Star Trek IV: The Voyage Home (1986)

Composed by Leonard Rosenman

With his success directing Search for Spock, Leonard Nimoy was allowed to direct yet another Star Trek film. While Wrath of Khan might objectively be the best of the series, The Voyage Home is my personal favorite. Kirk and friends are in trouble after disregarding Starfleet commands to rescue Spock. They are on their way to earth to face justice when a cigar-shaped probe gets there ahead of them and starts to mess with the environment. The probe is using unusual signals in an effort to communicate with something. That something turns out to be humpback whales, which were hunted to extinction at the end of the 20th Century. Kirk and his crew, remembering time travel methods from the original TV series, go back to 1980s San Francisco to find and bring back a  pair of whales and save earth. The film is very fun and unique. It has a conservationist message without being heavy-handed, has no space battles, and wonderful fish-out-of-water humor with the future Earthlings trying to get around modern society. One further awesome piece of trivia is that this film raised a lot of awareness about the over-hunting of whales and may have saved the humpbacks from actual extinction! James Horner and his acclaimed themes unfortunately did not return. Using his clout from his previous success, Nimoy was able to bring on his friend Leonard Rosenman for the score. The result is a soundtrack that has stirred some debate and strong negativity among Star Trek and film music fans.

The main argument against Rosenman’s work is that it is too light-hearted and out of place. Is this the case? The film is, after all, very light-hearted for most of its running time. One thing to note is that the film did not call for a whole lot of music thanks to all the time spent on contemporary earth. There is about 40 minutes of score, 35 when one considers that a five-minute piece is really an 80s-style track performed by the Yellowjackets (but still composed by Rosenman). Surprisingly the original album did not feature the complete score though it was within possibility. The expanded album is certainly better, with its chronological track ordering making for a better listening experience. Many of the tracks are really a bunch of tiny cues merged together, so as to avoid a long tracklisting of sub-minute pieces.  Continue reading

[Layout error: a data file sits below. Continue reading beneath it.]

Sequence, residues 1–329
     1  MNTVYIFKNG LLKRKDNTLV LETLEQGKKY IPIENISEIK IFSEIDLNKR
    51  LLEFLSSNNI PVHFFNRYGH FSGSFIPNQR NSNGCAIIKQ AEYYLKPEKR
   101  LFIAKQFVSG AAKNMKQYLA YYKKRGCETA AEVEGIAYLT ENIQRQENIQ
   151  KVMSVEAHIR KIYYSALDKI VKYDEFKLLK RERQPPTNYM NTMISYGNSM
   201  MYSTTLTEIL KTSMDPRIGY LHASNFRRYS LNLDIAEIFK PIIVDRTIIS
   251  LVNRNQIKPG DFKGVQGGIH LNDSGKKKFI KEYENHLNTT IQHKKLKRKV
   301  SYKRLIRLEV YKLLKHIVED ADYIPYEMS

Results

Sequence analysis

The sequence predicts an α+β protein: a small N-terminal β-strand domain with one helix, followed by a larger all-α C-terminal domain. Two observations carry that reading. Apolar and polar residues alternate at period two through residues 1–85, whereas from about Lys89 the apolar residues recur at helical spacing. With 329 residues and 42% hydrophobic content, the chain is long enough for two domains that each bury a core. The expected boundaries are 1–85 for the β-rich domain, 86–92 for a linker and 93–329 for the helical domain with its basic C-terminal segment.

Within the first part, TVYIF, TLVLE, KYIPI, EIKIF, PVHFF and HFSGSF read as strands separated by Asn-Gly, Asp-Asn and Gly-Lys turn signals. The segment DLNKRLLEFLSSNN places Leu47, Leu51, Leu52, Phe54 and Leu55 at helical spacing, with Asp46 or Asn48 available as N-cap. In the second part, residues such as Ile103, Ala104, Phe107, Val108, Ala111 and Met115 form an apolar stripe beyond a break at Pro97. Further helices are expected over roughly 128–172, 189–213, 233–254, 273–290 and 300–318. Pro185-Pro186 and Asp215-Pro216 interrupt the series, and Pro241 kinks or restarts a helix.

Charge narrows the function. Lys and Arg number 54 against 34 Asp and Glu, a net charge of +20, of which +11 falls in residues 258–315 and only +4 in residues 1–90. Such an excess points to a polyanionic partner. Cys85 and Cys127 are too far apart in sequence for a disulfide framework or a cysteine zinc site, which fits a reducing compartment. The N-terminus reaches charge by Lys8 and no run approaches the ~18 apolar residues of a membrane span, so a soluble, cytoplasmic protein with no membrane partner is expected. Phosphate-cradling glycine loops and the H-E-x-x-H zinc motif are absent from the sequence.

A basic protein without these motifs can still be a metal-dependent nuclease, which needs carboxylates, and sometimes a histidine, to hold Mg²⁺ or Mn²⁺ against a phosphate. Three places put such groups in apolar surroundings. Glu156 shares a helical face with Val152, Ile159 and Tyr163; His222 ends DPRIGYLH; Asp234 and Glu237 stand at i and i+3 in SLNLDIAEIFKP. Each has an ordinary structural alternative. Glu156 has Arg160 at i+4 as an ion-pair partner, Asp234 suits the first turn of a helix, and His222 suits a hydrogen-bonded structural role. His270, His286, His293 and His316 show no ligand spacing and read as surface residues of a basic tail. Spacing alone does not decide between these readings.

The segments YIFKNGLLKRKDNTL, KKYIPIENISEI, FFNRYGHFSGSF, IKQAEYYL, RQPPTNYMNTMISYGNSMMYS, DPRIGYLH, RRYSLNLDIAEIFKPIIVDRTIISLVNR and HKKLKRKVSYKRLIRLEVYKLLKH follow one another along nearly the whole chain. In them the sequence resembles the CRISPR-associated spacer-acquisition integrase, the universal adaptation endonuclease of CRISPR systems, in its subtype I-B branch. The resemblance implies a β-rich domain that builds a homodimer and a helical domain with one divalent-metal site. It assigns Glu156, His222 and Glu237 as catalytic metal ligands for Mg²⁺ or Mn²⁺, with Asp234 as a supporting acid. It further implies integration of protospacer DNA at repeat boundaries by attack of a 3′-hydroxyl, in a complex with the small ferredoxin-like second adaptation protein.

Godzilla vs. King Ghidorah (1991)

Composed by: Akira Ifukube

After the box office disappointment of Godzilla vs. Biollante, Toho did what many American studios have done in the past couple decades. They played it safe, acting on nostalgia by bringing back familiar foes and concepts. Godzilla vs. King Ghidorah reimagines the dragon as the genetic creation of Futurians, time travelers who claim to be saving Japan from an apocalypse. The time travel elements are wacky and make no sense, but are highly entertaining. They do create some powerful moments by revealing more of Godzilla’s origins and examining his relationship to Japan as both protector and destroyer. This film also brought us the android M-11, who is somehow both cool and goofy at the same time. The film thus works on both an ironically hilarious and legitimately interesting level.

The film’s nostalgia factor was bolstered by the return of Akira Ifukube. According to an interview he was convinced to make his comeback by his daughter. She alerted him to the fact that Godzilla’s heroic theme appeared as a rock piece in Godzilla vs. Biollante. Ifukube thought this a grievous mis-use of his work and felt motivated to do what he considered proper. The result is a familiar and attractive score, but one unfortunately very unoriginal in places. Continue reading